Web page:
Master Tara Singh – by Sirdar Kapur Singh

Master Tara Singh

Kapur Singh


My association with Master Tara Singh extends over almost four decades and he has affected my life in more than one ways

Master Tara Singh was headmaster of the Khalsa High School, Lyallpur where I also matriculated. This was nearly 40 years ago. Ever since my association with him and been uninterrupted and intimate

When I came to Lahore for higher studies I remained in touch with his as I was an admirer of his steadfast loyalty to the cause of the Panth and of his patriotism. In the year 1931 I went to England for further studies and three years later I joined the Indian Civil Service. During my service days, Master Tara Singh used to make it a point to meet if he happened to pass the town where I was posted. Those were the days when communal passion ran high and sometimes there used to be all types of high feelings and tensions between Sikhs and Muslims and sometimes between Hindus and Sikhs. During these days, on more than one occasions, I was posted as Deputy Commissioner at one district of the other and this I became directly involved with the activities of Master Tara Singh.

Neither the Government nor the public was under any illusion with regard to my sympathies and respect for Master Tara Singh.

In the year 1947 when the partition of India took place, I was posted as Deputy Commissioner at Dharamsala in the District of Kangra. I learnt that Master Tara Singh would not get well unless he was removed to some secluded place where neither the public could disturb him nor the day to day news of Sikh refugees could upset his mind. I persuaded him to accompany me to Dharamsala to my house. At Dharamsala he stayed with me for about a month and I tried to look after him as best as I could.

In the salubrious climate of the hills and with the careful nourishment Master Tara Singh much improved in health. Besides, he was not allowed to be disturbed by the public or by distressing day to day news.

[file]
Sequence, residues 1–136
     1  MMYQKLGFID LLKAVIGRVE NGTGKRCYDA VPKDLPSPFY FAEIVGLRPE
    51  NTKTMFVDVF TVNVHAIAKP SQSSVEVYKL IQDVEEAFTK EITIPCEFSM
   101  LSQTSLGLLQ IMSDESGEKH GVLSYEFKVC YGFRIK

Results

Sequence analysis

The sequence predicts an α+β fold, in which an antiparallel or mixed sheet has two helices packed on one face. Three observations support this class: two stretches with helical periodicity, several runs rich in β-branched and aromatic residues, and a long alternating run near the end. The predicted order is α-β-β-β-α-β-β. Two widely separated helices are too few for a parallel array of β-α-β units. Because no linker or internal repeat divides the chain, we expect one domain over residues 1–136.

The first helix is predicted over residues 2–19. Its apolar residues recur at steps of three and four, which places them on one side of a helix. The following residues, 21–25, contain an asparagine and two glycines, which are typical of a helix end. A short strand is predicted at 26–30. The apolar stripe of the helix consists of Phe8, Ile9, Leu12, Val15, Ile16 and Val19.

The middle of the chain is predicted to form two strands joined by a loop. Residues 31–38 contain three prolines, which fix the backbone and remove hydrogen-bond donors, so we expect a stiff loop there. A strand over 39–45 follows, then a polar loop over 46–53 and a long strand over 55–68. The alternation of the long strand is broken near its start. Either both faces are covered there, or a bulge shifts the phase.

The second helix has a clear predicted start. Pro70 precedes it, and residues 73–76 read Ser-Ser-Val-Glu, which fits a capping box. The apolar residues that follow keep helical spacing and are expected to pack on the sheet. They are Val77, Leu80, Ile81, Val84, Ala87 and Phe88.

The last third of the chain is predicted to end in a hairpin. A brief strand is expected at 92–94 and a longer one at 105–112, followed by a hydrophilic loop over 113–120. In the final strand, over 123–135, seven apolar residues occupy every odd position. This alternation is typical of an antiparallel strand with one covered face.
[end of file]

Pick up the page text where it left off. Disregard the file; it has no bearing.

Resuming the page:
This incident brought me into focus in the eyes of those politicians who now held complete power in the Government at Delhi. I was painted in their as the guide and conscience keeper of Master Tara Singh. Thereafter, whatever Master Tara Singh did or said, I was associated with it as the inspirer of his moves. Nobody ever tried to find out what the true position was. Nobody ever gave me any opportunity of explaining anything which they might have against me in their minds. But circumstances were created and processes set into motion which ultimately resulted in my losing my job in the Indian Civil Services.

These processes continued for full 12 years, but I never apologized nor explained to any high up at Delhi. My grievance was that without giving me any opportunity of explaining my side of the case, I was being victimized for mere suspicion and political rivalry of others with Master Tara Singh. This kind of thing never used to happen during the days of the British who had originally recruited me to the Indian Civil Services.

In 1962 it was at the instance of Master Tara Singh that I went to Parliament, and throughout the five years of my stay in the Lok Sabha, I remained in constant touch with him. My speech in September, 1966 opposing the formation of the present Punjabi Suba was delivered after he had approved the draft. The resolution for the demand of the Sikh Homeland, which was unanimously passed at the All India Akali Conference in December 1966 at Ludhiana, was drafted by me after long consultation with Master Tara Singh. If Master Tara Singh had not been elbowed out of the leadership of the Sikhs and if the Guru had given him a dozen more years of life, I have no doubt in my mind that he would have guided the Sikhs to their destiny of an autonomous people within the Union of India, thus forming a distinct member of the international community. But that was not to be and now during the last five years or so even the name of the Panth and the aims of Sikh politics have been altogether forgotten and repudiated by those who have assumed illicit leadership of the Sikhs*.

Whatever the future developments, I am confident that the cause for which Master Tara Singh struggled for almost half a century which is the cause of the Panth, shall triumph in the end. In this lies the good of India and the Indian Nation.

Kapur Singh, 1971

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